The Trump family takes part in the "Make America Great Again! Welcome Celebration" in January 2017 (CNS photo/Jonathan Ernst, Reuters)

I thought I must be seeing things. That’s how pessimistic I’ve become. When I read the opinion piece by Bishop John Stowe of Lexington, Kentucky, that ran in the Lexington Herald-Leader, I thought, “Can this be real? A Catholic bishop directly, with no irrelevant to-be-sure-ing, calling out the racist politics of President Donald Trump as an affront to the church’s prolife witness?”

Stowe did exactly that. “It astonishes me,” he wrote, “that any students participating in a prolife activity on behalf of their school and their Catholic faith could be wearing apparel sporting the slogans of a president who denigrates the lives of immigrants, refugees, and people from countries that he describes with indecent words and haphazardly endangers with life-threatening policies.”

He’s talking about so-called MAGA hats and gear—as in “Make America Great Again,” Trump’s inflammatory campaign slogan. What prompted Stowe to write was a highly publicized incident involving students from Covington Catholic, a high school in a neighboring diocese. Video footage circulated of a group of boys from that school, many clad in MAGA gear, facing off in (at best) a disrespectful manner with a Native American demonstrator, while in Washington, D.C., for the March for Life. The initial video clip prompted an outcry against the students, after which came more footage from that day, accompanied by an insistence in conservative circles that the boys had been unfairly tarred as racists and were the true victims.

Is Donald J. Trump personally prejudiced against nonwhites? It doesn’t matter. What matters is that he traffics openly in racism as a means of riling up his supporters.

Stowe declines to get into that debate, and calls attention to the U.S. bishops’ recent pastoral letter on combating racism, “Open Wide Our Hearts.” The word “Trump” does not appear in that letter, but when the bishops list the factors that prompted them to address that subject, they write, “Extreme nationalist ideologies are feeding the American public discourse with xenophobic rhetoric that instigates fear against foreigners, immigrants, and refugees.” It is startling to realize that this sentence is a fair and even restrained description of the current president of the United States. “Make America Great Again” is the rhetoric they’re talking about.

Is Donald J. Trump personally prejudiced against nonwhites? It doesn’t matter. What matters is that he traffics openly in racism as a means of riling up his supporters. Trump’s presidential campaign was racist. His administration is racist. His ongoing campaign to win the next election is racist. Standing with Trump is racist. It is racist regardless of what motivates you to do it—your desire to see the Supreme Court filled with conservative judges; your enthusiasm for low taxes for the very wealthy; your earnest belief that Vladimir Putin is an ally worth courting.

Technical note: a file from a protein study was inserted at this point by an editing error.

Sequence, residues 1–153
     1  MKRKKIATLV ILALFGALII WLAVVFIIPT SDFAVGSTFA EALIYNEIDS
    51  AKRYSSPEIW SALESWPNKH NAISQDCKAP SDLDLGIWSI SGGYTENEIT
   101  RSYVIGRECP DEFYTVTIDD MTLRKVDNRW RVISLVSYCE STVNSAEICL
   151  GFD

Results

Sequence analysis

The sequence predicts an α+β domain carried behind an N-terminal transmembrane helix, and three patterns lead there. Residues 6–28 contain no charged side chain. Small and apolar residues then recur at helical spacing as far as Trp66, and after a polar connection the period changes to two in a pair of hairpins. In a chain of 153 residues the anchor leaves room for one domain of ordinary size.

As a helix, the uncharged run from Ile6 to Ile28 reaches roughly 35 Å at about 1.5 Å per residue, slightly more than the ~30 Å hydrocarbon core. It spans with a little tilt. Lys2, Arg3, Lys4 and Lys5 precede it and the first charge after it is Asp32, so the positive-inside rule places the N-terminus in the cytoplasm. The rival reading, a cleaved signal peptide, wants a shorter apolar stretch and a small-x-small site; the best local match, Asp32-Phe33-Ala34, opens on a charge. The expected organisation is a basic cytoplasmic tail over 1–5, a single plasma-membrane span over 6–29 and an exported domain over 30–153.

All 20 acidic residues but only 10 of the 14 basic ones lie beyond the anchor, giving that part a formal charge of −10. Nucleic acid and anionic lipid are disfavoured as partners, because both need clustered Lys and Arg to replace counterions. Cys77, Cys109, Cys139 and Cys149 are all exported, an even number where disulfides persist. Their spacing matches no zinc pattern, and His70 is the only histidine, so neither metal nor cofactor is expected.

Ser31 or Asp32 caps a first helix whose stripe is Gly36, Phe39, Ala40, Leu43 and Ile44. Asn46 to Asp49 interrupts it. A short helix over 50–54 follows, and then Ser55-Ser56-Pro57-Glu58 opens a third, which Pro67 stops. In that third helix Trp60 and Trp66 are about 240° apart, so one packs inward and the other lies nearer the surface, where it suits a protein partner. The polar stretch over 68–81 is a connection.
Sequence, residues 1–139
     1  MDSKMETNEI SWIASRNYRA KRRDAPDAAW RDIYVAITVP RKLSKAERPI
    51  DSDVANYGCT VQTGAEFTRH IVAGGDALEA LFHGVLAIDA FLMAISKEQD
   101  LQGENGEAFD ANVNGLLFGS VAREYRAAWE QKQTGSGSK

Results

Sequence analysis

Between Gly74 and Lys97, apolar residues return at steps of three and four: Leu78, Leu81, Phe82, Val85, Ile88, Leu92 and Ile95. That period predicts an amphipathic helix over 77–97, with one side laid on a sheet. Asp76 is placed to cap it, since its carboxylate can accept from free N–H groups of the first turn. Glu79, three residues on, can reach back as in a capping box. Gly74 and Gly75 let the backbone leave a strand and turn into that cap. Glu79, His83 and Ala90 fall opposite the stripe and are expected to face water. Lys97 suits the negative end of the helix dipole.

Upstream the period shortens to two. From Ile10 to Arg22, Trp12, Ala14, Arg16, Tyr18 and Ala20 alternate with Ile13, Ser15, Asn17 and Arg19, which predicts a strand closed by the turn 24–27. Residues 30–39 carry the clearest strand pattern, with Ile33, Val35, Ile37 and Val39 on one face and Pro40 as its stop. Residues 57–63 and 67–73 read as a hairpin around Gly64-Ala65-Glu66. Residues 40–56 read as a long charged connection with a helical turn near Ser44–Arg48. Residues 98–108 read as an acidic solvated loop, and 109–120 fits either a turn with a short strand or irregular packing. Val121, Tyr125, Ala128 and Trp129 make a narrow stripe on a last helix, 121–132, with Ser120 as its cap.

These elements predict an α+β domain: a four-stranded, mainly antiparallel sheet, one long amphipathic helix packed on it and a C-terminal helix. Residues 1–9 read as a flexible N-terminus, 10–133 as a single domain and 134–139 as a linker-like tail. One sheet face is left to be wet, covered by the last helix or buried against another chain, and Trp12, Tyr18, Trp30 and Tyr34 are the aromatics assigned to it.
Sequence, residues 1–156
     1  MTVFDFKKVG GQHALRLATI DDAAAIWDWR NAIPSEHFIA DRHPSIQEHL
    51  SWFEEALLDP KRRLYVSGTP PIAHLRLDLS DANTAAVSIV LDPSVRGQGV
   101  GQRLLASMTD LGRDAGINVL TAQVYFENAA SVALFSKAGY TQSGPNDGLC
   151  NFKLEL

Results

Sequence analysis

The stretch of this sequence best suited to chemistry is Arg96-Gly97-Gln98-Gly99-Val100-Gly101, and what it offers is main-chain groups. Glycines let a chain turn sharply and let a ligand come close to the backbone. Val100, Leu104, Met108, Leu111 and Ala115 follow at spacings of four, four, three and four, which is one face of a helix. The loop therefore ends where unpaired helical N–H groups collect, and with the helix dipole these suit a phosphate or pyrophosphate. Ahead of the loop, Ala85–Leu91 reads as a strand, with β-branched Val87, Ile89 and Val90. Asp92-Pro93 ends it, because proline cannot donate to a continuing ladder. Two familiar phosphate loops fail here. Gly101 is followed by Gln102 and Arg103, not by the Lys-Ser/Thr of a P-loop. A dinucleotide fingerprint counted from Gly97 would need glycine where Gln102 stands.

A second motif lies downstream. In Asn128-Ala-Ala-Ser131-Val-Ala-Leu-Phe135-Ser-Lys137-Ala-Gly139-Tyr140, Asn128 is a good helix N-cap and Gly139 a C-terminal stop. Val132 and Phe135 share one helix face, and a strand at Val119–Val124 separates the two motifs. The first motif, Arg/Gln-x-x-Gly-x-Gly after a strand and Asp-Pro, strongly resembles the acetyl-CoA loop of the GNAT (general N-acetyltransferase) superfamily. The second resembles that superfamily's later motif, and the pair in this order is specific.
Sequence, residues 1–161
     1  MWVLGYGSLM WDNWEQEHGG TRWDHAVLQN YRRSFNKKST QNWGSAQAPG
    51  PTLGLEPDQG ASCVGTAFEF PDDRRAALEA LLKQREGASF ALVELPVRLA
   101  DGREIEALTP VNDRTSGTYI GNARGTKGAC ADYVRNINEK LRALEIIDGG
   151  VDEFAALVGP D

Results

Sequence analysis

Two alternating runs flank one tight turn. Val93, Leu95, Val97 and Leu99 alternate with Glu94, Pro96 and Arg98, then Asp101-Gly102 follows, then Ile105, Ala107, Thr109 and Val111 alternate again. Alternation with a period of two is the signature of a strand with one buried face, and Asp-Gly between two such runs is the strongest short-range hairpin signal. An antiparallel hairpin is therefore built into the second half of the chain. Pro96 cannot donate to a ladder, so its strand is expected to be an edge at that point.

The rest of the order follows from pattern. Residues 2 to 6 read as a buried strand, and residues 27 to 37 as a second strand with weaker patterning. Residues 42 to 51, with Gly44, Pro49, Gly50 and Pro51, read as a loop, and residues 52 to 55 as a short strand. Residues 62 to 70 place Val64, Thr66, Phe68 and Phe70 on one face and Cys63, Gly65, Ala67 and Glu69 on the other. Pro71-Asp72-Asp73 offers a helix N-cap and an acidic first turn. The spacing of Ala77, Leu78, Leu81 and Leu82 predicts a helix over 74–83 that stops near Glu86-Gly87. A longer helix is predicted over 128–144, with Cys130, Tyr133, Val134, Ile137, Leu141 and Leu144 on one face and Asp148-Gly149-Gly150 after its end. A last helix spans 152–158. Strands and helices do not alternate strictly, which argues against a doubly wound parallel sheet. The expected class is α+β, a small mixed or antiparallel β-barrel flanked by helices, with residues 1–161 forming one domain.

Like many conservatives, National Review editor Rich Lowry holds this conclusion in contempt. After the Covington drama, he wrote a column in which he complained, “For much of progressive America, if you are wearing the hat, you are suiting up for Team Racist.” Well, yes. Lowry fleshes out his column by quoting a number of people who had said as much on Twitter, including me: “As Commonweal magazine columnist Mollie O’Reilly wrote of the Covington controversy, ‘You don’t let your kid wear a MAGA hat and then act offended when they get taken for a racist.’”

I wrote that, and I stand by it, obviously. But he quoted only half of that tweet. Here’s the first sentence: “Every person now claiming those MAGA teens have been unfairly judged as racists is trying, consciously or not, to place Trump gear and MAGA hats in a neutral category.”

Which, of course, is exactly what Lowry was doing in that column: insisting that there’s some wiggle room, some way to say “I’m Team Trump” but not “I’m Team Racist.” There isn’t. If you welcome some of what President Trump has done but abhor his racism, it’s up to you to figure out how to express those convictions. Wearing MAGA gear says you’re not bothered.

That fact may not be obvious to teenagers, especially to privileged white teenagers. Which is why it’s important to remember that the question is not whether those boys are thoroughly racist individuals, but whether they are able to recognize racist policies and politics and their own responsibility to resist them. Can they see that the call to defend the vulnerable is not only about unborn children? The adults in their life owe it to them to clue them in, especially if those adults are supposed to be educating them and forming their characters according to the teachings of the church. Bishop Stowe spoke up, and spoke the simple truth. Let’s hope it’s the start of a trend.

Mollie Wilson O’​Reilly is editor-at-large and columnist at Commonweal.

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Published in the February 22, 2019 issue: View Contents
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